- 1938 – Ralph Bakshi, American director, producer, and screenwriter. Between 1972 and 2015, he directed ten theatrically released feature films, six of which he wrote.
- 1937 – Sonny Osborne, American bluegrass singer and banjo player. A master of the style developed by Earl Scruggs, called the "Scruggs style", he is best known for his collaboration with his brother Bobby Osborne as the Osborne Brothers.
- 1930 – Natalie Sleeth, American pianist and composer (d. 1992), was an American composer.
- 1925 – Dominick Dunne, American journalist and author (d. 2009), was an American writer, investigative journalist, and producer.
- 1925 – Zoot Sims, American saxophonist and composer (d. 1985), was an American jazz saxophonist, playing mainly tenor but also alto (and, later, soprano) saxophone. He first gained attention in the "Four Brothers" sax section of Woody Herman's big band, afterward enjoying a long solo career, often in partnership with fellow saxmen Gerry Mulligan and Al Cohn, and the trombonist Bob Brookmeyer.
- 1923 – Carl Djerassi, Austrian-American chemist, author, and playwright (d. 2015), was an Austrian-born Bulgarian-American chemist, novelist, playwright and co-founder of Djerassi Resident Artists Program with Diane Wood Middlebrook. He is best known for his contribution to the development of oral contraceptive pills, nicknamed the father of the pill.
- 1922 – Neal Hefti, American trumpet player and composer (d. 2008), was an American jazz trumpeter, composer, and arranger. He wrote music for The Odd Couple movie and TV series and for the Batman TV series.
- 1921 – Bill Mauldin, American soldier and cartoonist (d. 2003), was an American editorial cartoonist who won two Pulitzer Prizes for his work. He was most famous for his World War II cartoons depicting American soldiers, as represented by the archetypal characters Willie and Joe, two weary and bedraggled infantry troopers who stoically endure the difficulties and dangers of duty in the field.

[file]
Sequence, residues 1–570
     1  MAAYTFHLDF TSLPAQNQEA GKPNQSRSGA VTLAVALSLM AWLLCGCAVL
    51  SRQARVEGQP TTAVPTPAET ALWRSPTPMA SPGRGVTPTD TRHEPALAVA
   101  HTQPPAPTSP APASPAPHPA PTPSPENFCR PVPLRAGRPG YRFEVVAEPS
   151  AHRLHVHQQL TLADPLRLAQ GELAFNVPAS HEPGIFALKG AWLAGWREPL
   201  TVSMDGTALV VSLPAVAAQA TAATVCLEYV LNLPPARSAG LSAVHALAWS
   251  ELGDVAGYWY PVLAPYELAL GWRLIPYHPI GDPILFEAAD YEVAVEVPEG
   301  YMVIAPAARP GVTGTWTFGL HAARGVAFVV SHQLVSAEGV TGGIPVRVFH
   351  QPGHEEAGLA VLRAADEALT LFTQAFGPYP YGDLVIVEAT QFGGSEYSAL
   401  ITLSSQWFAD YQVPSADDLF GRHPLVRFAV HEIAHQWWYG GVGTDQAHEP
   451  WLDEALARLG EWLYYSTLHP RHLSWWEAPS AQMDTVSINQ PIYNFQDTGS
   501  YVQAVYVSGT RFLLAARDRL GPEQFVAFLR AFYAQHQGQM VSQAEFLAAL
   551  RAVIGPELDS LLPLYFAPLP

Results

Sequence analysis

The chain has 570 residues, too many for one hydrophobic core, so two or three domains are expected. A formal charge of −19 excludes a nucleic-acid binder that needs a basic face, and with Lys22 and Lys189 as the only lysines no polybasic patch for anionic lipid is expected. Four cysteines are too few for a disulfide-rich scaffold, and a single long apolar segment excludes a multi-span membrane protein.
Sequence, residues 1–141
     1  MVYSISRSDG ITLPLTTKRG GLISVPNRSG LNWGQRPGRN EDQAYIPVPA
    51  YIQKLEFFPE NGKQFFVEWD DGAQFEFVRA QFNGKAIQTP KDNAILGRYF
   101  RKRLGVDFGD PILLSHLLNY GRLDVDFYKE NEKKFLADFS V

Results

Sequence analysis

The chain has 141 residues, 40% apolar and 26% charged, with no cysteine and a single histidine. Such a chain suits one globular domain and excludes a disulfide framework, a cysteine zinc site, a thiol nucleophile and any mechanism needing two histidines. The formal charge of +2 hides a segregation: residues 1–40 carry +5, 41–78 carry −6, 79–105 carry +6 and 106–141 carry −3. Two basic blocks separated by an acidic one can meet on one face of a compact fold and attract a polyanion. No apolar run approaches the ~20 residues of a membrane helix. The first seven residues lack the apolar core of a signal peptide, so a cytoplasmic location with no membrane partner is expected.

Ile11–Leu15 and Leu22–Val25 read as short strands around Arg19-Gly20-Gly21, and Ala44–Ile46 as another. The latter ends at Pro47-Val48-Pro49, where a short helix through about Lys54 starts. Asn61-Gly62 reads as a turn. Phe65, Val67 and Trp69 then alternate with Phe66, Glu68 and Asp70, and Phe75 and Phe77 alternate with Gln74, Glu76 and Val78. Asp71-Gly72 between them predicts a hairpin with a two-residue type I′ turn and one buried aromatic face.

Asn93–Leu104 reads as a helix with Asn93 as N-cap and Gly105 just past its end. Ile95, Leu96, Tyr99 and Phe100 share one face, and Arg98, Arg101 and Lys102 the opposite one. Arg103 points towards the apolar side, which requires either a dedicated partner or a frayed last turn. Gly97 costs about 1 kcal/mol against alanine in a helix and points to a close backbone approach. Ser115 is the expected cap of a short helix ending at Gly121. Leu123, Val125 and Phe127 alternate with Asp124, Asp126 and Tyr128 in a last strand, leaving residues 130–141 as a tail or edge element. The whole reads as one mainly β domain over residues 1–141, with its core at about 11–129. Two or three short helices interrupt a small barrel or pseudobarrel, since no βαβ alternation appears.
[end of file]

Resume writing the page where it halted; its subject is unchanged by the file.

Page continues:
- 1920 – Baruj Benacerraf, Venezuelan-American physician and immunologist, Nobel Prize laureate (d. 2011), was a Venezuelan-American immunologist, who shared the 1980 Nobel Prize in Physiology or Medicine for the "discovery of the major histocompatibility complex genes which encode cell surface protein molecules important for the immune system's distinction between self and non-self." His colleagues and shared recipients were Jean Dausset and George Davis Snell.
- 1918 – Diana Serra Cary, American actress and author. Diana Serra Cary (born Peggy-Jean Montgomery, October 29, 1918), known as Baby Peggy, is an American former child film actress, vaudevillian, author and silent film historian.
- 1917 – Eddie Constantine, American-French actor and singer (d. 1993), was an American actor and singer who spent his career working in Europe.
- 1915 – William Berenberg, American physician and academic (d. 2005), was an American physician, Harvard professor, and pioneer in the treatment and rehabilitation of cerebral palsy.
- 1913 – Al Suomi, American ice hockey player and referee (d. 2014), was an American NHL player, who played with the Chicago Black Hawks for the 1936–37 NHL season. Although he did not aspire to play at a professional level, Suomi nevertheless spent his young life playing hockey and was eventually scouted while playing with friends.
- 1906 – Fredric Brown, American author (d. 1972), was an American science fiction and mystery writer. He is known for his use of humor and for his mastery of the "short short" form—stories of 1 to 3 pages, often with ingenious plotting devices and surprise endings.